You might easily take note of when your infant gets bigger or smiles at you, but you might not think to measure your baby’s “smarts.” The first year of a baby’s life is a period of incredible growth, and a baby’s brain goes through critical periods during which stimulation is needed for proper development. Through physical growth and encouragement from caregivers, babies become smarter, and you will see this intellectual development with your baby’s newfound abilities.
An infant’s brain development is the gate key for his intellectual development. During the first years of life, input such as visual stimuli or verbal language is necessary for areas of the brain to grow; without this growth, a child’s vision or speaking abilities might be impaired. Responsibility falls on the caregiver to fuel brain development. According to Zero to Three, loving and warm caregiving encourages infants to explore their environments, which is the basis for learning.
Birth to 6 Months
You might have noticed your infant has different cries for hunger or pain, and you probably love to hear her babble and coo. These abilities show your child is gaining communication and pre-language skills. Infants from birth to 6 months will forget about objects they cannot see, but they will explore objects they can see and grab by putting them in their mouths. They will also follow moving objects with their eyes and look around at nearby objects. Infants in this stage will turn to look at a source of sound. These developmental milestones show a baby’s brain is developing and she is gaining new skills.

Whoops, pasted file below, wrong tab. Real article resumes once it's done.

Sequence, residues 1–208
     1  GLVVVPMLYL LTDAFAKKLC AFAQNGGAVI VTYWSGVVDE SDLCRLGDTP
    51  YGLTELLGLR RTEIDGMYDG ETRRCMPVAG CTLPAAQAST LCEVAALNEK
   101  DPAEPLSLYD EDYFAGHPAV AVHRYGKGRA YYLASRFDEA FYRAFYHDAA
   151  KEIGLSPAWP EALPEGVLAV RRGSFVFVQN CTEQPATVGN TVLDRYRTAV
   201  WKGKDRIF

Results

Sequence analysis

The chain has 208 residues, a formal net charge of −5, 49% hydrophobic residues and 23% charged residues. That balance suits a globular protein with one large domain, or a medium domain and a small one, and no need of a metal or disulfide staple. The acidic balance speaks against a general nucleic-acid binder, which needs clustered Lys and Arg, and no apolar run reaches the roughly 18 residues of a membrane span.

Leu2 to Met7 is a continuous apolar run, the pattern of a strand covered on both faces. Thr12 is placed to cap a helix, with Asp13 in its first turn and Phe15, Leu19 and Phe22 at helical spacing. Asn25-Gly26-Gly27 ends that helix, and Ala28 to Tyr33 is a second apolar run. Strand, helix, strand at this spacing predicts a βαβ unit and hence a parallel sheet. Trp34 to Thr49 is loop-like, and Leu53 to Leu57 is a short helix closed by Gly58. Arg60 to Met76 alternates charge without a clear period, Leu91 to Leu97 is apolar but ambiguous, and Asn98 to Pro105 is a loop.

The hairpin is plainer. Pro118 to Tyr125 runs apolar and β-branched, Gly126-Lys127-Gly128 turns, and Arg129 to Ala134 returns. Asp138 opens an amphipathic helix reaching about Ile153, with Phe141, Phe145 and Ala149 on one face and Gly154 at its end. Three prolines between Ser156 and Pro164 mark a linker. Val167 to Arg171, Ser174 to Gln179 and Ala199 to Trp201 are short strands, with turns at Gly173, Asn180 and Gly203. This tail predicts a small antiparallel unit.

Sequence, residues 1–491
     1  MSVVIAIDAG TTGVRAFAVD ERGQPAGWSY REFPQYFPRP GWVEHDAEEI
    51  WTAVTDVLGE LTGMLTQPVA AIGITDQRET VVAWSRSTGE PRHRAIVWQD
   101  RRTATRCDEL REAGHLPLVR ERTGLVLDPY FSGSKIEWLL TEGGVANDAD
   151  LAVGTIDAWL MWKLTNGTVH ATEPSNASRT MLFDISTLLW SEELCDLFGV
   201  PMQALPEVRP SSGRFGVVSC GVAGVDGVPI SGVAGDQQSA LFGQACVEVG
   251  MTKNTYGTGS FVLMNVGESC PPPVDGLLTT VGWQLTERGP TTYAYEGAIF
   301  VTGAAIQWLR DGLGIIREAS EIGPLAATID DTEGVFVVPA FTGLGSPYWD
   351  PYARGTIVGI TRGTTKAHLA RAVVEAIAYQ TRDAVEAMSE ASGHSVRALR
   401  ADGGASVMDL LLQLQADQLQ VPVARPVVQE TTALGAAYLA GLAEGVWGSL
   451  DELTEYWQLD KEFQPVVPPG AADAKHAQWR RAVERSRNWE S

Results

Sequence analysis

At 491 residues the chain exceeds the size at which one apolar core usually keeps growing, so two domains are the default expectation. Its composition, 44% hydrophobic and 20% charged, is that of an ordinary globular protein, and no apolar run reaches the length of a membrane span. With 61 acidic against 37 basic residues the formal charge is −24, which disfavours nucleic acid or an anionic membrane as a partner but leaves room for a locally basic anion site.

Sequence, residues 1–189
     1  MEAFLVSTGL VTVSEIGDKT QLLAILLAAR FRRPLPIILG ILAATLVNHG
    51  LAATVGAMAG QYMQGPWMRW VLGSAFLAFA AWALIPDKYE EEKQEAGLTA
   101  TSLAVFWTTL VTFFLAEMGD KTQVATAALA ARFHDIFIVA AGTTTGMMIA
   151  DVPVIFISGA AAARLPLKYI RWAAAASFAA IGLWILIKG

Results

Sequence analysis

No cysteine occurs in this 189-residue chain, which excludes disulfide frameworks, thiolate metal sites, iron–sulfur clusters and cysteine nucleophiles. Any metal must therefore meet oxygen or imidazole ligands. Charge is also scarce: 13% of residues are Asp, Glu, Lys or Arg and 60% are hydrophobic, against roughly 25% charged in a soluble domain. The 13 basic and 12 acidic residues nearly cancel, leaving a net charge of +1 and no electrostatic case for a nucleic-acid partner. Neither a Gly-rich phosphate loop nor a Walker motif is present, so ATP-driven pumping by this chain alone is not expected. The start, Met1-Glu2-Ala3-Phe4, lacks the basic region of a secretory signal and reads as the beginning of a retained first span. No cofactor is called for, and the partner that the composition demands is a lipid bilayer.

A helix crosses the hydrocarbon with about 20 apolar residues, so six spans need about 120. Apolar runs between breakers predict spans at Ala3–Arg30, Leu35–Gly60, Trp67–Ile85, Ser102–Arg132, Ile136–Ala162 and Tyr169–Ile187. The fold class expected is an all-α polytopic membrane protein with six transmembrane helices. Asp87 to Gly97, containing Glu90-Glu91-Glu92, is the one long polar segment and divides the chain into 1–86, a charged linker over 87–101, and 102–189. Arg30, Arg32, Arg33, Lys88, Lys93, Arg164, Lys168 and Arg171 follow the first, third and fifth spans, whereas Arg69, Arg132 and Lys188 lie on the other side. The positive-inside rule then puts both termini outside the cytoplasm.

Seven to 12 Months
During the period between 7 and 12 months, infants will babble words like “dada” and “mama,” much to a parent's delight, but they don’t quite yet associate a meaning with these words. Children in this stage will wave “bye bye.” Infants also learn the idea of cause and effect, and they might repeat an action that generates a certain response; for example, they will shake a rattle and listen to its noise. While younger infants will forget about objects you hide, older infants will look for things they see you hide. Infants in this stage also still explore objects by putting them in their mouths. They are better able to pass objects from hand to hand, and they can even pick up items like cereal between their thumbs and index fingers.
Activities for Intellectual Development
Since responsive caregiving seems to be ideal for stimulating brain development, holding, rocking and singing to your baby shows warmth and love. Playing with your baby shows you have genuine interest and encourages him to play and explore even more. Talking to your baby or reading a book helps develop language skills. Putting bright toys nearby but just out of reach gives your infant visual stimulation and motivation to move in order to grab the objects. Place a mirror at eye level so your baby can look at himself; infants won’t know just yet that they’re looking at their own reflections, but they often love watching the person in the mirror. Musical toys provide auditory feedback and teach cause and effect. Touchy-feely books or other toys with various textures give your infant interesting tactile experiences. These activities and toys encourage exploration, which leads to brain development and your infant reaching intellectual development milestones.